Japanese Retailer Likes Bay Area Urban Cores

By Sharon Simonson

A Japanese retailer whose brand image echoes American society’s current quest for a more sustainable lifestyle is opening a 7,000-square-foot store in downtown San Jose, its second West Coast outlet.

Muji U.S.A. Ltd., which sells household items and apparel, champions lower pricing by adopting cutting-edge product development and design, progressive use of materials and minimalist decoration and packaging, the company says.

In July, Muji announced its first West Coast store in San Francisco at 540 9th St., a location on the western fringe of the gentrifying South of Market district, near the Mission, Potrero Hill and Showplace Square neighborhoods.

Both the San Jose and San Francisco locations are near existing and rapidly expanding numbers of apartments. The San Francisco store, which is to open in November, will be the company’s fifth U.S. location; the other four are in New York City. The San Jose Muji is expected to open next year.

The retailer will bring much-needed new momentum to the South Bay’s only large-scale metropolitan center, said Ann Marie Larocco Joel of Ritchie Commercial, who represented both Muji and the landlord, Imwalle Properties Inc., in the transaction. “It’s a milestone for downtown San Jose retail,” she said. “They are absolutely awesome.”

Muji could have located anywhere including San Jose’s Santana Row and Westfield Valley Fair, the retail, restaurant and residential juggernaut roughly three miles from downtown and a steep competitor to downtown’s merchants and restaurants. Instead they came downtown because “they are urban and chic, and they wanted Class A retail space,” she said.

The site is located on the first floor of the San Jose Fairmont Hotel, facing South First Street and the Paseo de San Antonio. The paseo is a four-block pedestrian walkway that connects the landmark Cesar Chavez Park on the west to San Jose State University on the east. It begins at the Fairmont and links apartments, condominiums and parking to street-level restaurants, entertainment, shops and the San Jose Repertory Theatre.

The downtown San Jose selection echoes Muji’s other locations in San Francisco and New York City, said Don Imwalle Jr., president of San Jose-based Imwalle Properties, which bought the Fairmont retail space from the former San Jose Redevelopment Agency. The retailer approached him about the site, and he has negotiated with them over the last several months.

“I think they want to stand apart,” Imwalle said. “Their store in San Francisco is not on Union Square. They have a very distinct product, and they pride themselves on selling something that is different from everyone else.”

“My sister is an interior designer, and she knew them straight away,” he said.

He believes the downtown San Jose’s highrise apartment and condominium dwellers offer fertile ground, Imwalle said. Muji’s designs are intended to appeal to the Japanese consumer, who typically has a small living space.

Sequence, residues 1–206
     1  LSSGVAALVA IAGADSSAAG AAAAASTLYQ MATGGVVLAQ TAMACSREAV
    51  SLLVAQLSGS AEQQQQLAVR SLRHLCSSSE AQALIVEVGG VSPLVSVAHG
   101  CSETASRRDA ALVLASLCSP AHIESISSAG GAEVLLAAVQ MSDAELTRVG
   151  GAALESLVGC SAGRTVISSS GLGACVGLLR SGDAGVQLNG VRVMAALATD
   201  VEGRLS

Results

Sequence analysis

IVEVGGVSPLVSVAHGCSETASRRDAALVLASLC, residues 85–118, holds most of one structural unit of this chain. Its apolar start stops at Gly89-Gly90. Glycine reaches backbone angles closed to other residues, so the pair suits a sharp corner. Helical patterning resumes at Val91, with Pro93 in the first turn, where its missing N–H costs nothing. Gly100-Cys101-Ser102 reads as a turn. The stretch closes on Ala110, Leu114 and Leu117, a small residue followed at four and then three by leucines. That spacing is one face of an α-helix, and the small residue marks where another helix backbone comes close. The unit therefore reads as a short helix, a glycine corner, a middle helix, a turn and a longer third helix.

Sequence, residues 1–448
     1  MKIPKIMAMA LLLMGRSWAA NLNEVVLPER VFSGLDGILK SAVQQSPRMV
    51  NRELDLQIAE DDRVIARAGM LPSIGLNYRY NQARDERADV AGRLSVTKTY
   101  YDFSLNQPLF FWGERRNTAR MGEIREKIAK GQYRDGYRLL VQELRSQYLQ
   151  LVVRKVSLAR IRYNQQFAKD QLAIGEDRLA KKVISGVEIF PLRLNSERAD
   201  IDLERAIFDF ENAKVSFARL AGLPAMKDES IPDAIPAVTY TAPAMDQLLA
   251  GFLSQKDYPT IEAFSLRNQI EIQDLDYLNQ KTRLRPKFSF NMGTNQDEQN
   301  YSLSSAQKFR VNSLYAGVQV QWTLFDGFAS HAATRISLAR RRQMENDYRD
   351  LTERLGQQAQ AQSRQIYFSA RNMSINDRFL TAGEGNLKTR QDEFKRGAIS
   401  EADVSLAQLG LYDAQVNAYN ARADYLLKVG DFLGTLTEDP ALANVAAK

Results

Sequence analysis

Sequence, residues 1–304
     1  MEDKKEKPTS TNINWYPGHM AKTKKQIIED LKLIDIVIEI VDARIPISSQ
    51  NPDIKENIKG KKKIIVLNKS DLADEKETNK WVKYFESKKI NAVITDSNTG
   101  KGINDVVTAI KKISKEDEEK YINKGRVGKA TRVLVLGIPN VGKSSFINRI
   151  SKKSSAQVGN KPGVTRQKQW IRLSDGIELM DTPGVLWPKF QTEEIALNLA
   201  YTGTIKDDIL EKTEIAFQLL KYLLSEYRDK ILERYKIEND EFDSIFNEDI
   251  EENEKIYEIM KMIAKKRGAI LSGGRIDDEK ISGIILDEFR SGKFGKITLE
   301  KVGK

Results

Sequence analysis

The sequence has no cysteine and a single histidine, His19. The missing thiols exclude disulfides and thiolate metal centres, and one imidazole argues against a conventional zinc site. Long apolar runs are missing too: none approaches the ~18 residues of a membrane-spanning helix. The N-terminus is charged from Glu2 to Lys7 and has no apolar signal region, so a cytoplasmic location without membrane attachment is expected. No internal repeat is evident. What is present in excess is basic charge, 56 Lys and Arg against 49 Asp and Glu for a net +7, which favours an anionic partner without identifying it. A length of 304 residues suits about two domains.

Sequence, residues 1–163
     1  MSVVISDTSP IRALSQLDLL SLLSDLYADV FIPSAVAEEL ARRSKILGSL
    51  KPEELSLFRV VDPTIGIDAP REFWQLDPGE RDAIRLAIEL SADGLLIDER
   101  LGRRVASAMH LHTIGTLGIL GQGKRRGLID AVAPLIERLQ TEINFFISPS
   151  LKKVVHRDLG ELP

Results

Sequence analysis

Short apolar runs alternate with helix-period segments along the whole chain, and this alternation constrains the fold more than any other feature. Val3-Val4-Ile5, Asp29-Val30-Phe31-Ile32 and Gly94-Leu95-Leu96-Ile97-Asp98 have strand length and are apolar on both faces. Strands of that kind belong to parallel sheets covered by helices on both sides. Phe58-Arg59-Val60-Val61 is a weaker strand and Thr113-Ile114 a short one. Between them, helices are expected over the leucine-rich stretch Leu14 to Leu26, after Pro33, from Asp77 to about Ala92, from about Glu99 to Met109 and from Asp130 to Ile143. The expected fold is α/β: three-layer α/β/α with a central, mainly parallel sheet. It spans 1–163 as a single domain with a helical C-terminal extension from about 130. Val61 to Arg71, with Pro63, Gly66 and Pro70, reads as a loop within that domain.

The location is adjacent to a local light-rail station, and the transit line connects directly to thousands of apartments being built on North First Street close to state Highway 237.

Downtown San Jose also is adding housing. Simeon Residential Properties is expected to formally announce its intent to build a highrise apartment building a few blocks from the Muji location near San Pedro Square. Russell Pitto, chairman of San Francisco-based Simeon told The Registry in July about the company’s plans, and San Jose Mayor Chuck Reed said Oct. 12 that he expected the city to receive a permit application the following week to develop a $100 million residential tower downtown. “The council reduced the taxes, fees and red tape specifically for downtown to get someone to move,” he said.

In addition, last year, the former owners converted the 213-unit high-rise housing tower called 360 Residences from condominiums to apartments, then sold the property to a long-term institutional investor.

In San Francisco, hundreds of new apartments are being built close to the Muji location. Swinerton Builders expects to complete 418 apartments at 1190 Mission St. at the end of June for Angelo Sangiacomo and his Trinity Properties and is working to secure the work for a third apartment tower next door. Another 463 apartments are being built by Essex Properties Trust Inc. at Folsom and 5th streets.

Muji follows fellow Japanese retailer Uniqlo into the Bay Area retail fray. Uniqlo opened a 29,000-square-foot Union Square shop at 111 Powell St. on Oct. 5. The company identifies the store as its “San Francisco flagship” where it will embrace design and technology including 91 rotating mannequins, nearly 80 liquid crystal display screens and a virtual dressing room for customers.

Photo courtesy of Known Gallery

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